E-mail viruses and failure of key components (e.g. your hard disc) can lead to loss of important files from your computer. The following tips are well worth being aware of and you may need to alter your computer's setup and/or way of working in order to protect yourself against data loss.
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1 Viruses from E-mails
Be wary of Outlook Express's preview ability. Executable viruses (see below) can be run on your computer if you preview the e-mail in Outlook Express.
E-mail viruses originate from "executable" attachments with extensions as follows:
Executable files: *.exe
Script files: *.vbs, *.wsh
Be wary of "Hidden" file extensions- your computer may be set up to hide the .xxx extension on program and other filenames thus making an attachment appear as *.txt when the name is actually *.txt.vbs which could potentially be an e-mail virus.
HTML code in body of text can cause harm, however latest Outlook Express updates deal with this.
2 General Virus Protection
Departmental policy states that Windows PCs connected to the departmental network will have anti-virus software running. The preferred package is Sophos Anti-Virus, which IT support can install for you. Once installed, the program should keep itself up-to-date without any user intervention. If Sophos generates any error messages regarding virus infection or failure to update, please contact IT Support on 13308. Sophos is also highly recommended for Apple Macintosh computers.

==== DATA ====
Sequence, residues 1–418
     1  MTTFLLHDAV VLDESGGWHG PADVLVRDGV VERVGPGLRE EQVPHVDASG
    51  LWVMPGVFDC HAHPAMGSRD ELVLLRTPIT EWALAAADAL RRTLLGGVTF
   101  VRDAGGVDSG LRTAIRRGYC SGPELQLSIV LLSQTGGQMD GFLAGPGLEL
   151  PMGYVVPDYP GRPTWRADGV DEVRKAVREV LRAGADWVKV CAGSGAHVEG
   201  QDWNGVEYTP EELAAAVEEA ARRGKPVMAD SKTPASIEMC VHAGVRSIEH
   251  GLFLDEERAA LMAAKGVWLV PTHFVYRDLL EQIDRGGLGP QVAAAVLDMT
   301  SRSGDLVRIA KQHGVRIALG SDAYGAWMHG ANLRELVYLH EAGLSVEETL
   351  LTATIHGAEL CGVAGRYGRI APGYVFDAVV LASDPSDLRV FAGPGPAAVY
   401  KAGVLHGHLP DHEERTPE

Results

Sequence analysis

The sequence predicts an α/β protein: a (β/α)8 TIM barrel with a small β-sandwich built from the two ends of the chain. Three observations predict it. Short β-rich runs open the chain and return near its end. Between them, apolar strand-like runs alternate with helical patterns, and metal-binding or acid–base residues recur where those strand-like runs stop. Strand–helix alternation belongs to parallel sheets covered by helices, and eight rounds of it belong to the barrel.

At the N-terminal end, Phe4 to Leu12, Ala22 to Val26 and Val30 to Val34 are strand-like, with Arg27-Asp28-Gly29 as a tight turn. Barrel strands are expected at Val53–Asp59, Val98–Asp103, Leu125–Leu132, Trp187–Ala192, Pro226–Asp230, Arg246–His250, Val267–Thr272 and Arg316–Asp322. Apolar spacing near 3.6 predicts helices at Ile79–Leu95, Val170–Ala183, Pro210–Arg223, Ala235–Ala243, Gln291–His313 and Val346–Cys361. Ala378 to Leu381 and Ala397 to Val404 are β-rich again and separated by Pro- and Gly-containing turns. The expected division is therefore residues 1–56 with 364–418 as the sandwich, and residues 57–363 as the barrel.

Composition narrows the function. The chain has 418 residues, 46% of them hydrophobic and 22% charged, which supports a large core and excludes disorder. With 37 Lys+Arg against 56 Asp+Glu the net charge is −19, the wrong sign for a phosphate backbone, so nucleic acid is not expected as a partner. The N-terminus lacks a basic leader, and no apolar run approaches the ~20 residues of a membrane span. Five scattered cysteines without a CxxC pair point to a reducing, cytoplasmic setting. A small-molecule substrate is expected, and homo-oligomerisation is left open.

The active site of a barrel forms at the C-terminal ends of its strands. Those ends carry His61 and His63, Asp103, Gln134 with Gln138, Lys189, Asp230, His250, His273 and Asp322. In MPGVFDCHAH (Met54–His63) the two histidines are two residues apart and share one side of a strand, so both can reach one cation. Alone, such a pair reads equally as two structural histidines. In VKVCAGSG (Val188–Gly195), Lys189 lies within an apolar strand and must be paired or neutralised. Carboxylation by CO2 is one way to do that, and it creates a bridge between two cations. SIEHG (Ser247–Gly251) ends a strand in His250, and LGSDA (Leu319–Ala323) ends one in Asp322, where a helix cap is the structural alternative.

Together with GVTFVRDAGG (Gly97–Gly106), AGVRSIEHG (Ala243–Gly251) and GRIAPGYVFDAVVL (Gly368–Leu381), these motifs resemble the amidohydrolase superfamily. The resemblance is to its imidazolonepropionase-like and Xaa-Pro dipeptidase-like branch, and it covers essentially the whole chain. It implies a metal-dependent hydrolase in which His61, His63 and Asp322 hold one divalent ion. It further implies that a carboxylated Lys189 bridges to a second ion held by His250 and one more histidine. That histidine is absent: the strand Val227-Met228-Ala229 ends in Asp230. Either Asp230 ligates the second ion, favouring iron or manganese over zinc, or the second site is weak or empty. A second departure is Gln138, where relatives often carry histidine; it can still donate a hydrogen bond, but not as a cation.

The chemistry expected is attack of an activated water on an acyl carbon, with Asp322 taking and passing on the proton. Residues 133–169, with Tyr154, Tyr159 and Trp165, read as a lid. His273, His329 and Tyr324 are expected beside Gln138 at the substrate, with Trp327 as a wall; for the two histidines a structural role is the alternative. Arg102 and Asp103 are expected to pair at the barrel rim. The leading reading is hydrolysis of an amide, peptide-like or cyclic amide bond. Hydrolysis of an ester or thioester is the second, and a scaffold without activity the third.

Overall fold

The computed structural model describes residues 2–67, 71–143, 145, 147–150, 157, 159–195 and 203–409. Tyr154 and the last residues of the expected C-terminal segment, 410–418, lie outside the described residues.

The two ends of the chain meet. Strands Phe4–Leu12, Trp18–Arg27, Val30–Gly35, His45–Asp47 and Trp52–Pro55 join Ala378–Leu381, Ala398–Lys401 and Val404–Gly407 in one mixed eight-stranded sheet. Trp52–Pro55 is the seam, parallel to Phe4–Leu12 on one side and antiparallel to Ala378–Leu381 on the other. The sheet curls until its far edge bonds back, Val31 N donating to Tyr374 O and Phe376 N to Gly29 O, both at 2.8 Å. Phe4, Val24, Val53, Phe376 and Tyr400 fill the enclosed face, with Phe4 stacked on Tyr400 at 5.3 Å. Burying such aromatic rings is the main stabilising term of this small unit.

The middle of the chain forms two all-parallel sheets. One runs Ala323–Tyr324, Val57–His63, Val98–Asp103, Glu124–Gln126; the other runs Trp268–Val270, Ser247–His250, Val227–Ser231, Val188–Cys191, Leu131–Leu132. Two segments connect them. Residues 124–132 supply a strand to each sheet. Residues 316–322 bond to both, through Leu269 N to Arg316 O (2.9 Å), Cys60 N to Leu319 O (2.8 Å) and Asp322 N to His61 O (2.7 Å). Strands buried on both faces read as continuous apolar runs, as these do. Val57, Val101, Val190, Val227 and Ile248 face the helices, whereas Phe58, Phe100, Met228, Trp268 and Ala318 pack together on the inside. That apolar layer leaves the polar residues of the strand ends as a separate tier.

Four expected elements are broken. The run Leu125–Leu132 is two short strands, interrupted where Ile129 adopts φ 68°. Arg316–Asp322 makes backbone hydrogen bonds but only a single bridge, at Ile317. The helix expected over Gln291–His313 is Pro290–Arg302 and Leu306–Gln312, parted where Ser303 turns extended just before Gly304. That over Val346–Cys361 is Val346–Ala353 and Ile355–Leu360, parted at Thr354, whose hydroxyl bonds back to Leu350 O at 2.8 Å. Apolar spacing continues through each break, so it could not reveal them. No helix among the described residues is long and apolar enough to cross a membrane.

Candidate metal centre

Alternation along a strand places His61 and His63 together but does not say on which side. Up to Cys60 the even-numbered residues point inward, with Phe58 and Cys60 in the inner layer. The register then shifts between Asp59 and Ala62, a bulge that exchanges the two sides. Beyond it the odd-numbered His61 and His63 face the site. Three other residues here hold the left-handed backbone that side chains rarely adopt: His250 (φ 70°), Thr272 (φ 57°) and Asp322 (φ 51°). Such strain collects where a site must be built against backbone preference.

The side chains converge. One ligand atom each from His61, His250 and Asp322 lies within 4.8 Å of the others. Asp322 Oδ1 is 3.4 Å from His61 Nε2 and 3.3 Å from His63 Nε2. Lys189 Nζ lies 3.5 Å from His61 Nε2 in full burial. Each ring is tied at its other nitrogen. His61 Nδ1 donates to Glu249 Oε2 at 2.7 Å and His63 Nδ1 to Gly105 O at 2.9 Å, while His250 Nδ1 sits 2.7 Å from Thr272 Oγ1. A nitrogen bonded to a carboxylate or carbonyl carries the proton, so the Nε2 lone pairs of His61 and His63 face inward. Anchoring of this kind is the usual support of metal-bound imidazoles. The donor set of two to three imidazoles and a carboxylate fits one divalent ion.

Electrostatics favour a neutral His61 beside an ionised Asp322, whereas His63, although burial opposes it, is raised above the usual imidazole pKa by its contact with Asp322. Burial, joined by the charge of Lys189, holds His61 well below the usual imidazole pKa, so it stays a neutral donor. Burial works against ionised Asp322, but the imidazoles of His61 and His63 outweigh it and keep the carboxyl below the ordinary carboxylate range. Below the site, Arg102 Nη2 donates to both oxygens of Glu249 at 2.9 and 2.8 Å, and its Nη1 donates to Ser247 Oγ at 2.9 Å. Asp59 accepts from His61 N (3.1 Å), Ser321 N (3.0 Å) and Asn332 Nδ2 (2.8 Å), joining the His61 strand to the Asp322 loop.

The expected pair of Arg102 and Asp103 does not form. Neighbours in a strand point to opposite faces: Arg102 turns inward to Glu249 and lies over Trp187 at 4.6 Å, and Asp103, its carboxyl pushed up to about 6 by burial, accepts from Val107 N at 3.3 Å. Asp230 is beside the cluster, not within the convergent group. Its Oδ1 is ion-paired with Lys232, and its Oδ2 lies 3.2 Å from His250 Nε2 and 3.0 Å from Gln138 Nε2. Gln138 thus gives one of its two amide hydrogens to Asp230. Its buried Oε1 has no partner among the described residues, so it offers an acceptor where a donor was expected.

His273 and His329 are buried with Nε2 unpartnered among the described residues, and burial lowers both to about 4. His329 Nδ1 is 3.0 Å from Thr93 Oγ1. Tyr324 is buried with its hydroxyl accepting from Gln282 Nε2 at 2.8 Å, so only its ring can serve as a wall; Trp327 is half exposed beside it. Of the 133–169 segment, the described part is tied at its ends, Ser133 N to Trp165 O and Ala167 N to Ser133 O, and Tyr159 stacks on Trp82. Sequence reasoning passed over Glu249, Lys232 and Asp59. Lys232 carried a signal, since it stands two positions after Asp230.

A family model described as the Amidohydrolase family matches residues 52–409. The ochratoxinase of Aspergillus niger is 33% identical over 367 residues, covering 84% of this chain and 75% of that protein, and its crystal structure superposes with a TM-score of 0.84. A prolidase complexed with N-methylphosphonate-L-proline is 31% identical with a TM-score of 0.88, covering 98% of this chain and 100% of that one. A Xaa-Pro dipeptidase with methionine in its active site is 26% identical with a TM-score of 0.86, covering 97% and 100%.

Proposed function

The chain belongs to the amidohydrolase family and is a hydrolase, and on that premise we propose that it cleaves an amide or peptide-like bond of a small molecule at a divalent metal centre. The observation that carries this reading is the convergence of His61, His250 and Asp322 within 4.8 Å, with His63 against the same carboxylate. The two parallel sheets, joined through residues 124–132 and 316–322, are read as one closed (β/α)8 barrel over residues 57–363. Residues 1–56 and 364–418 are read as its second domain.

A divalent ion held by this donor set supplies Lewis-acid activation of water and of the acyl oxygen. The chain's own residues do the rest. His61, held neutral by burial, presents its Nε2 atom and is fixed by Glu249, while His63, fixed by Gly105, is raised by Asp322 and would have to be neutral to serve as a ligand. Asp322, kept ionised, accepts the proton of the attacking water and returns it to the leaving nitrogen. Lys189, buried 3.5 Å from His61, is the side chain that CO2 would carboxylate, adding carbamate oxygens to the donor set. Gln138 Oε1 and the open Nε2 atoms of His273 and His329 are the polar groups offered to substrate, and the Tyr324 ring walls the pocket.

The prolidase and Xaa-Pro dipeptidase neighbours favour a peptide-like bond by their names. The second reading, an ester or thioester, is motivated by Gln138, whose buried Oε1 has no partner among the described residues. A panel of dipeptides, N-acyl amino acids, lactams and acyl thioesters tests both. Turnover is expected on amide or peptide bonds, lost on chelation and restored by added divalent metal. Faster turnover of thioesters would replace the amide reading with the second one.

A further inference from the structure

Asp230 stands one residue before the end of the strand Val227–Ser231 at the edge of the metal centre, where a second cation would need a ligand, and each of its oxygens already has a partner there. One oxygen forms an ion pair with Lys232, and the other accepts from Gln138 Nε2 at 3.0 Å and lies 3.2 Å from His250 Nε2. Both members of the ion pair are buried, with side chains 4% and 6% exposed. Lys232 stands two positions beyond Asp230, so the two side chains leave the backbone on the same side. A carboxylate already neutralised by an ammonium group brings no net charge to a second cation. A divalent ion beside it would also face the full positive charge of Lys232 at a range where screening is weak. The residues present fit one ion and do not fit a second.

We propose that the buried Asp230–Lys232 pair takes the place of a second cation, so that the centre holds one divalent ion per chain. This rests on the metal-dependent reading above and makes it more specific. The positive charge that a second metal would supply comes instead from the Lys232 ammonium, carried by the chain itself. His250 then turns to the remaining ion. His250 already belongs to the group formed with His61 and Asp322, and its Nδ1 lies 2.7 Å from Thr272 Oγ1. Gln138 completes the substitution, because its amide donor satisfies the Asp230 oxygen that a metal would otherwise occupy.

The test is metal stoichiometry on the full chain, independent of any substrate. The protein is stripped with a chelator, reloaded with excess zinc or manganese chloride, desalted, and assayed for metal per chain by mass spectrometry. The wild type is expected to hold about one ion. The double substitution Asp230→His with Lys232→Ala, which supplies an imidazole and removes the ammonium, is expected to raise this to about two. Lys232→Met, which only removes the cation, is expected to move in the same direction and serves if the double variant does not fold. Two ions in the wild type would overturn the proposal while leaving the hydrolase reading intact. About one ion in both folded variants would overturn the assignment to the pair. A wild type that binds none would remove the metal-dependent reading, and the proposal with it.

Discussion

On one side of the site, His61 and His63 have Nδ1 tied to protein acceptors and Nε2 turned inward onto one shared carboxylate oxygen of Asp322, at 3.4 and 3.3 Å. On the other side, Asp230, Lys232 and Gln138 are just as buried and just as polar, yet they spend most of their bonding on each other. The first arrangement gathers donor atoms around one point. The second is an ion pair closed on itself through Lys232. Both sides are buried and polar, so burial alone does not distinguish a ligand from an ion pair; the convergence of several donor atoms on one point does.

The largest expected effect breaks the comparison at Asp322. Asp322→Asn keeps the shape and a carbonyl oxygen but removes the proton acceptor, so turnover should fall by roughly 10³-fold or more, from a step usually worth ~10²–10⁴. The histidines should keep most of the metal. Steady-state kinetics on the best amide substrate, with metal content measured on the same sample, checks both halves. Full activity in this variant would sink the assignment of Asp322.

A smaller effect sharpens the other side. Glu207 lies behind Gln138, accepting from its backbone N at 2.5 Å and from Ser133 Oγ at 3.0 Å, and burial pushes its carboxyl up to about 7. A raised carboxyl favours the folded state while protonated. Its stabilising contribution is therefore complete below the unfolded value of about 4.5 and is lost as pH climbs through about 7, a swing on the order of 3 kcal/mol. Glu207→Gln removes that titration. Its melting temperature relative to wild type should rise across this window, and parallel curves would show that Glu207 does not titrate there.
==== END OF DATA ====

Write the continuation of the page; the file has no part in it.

3 Securing Your Data
Backing up and Archiving
Archives are permanent copies
Backups are transient copies
HFS provides BACKUPS
Make use of the network file server, H: drive on most PCs
This is backed up on a nightly basis using HFS
Points to remember
Do not rely on floppy discs for precious data - they fail.
Do not rely on your PC's hard disc as your sole copy.
Do not store files on the PCs in the teaching room.
Important files that are constantly worked on should be saved with different names to prevent errors and corruption propagating though the backup files.
Archive Facility in Biochemistry
IT Support can provide a limited archive facility in the form of files burnt on to a CDROM, this service is available via the normal IT job request route. The user is responsible for the safe keeping of the CDROM thereafter.
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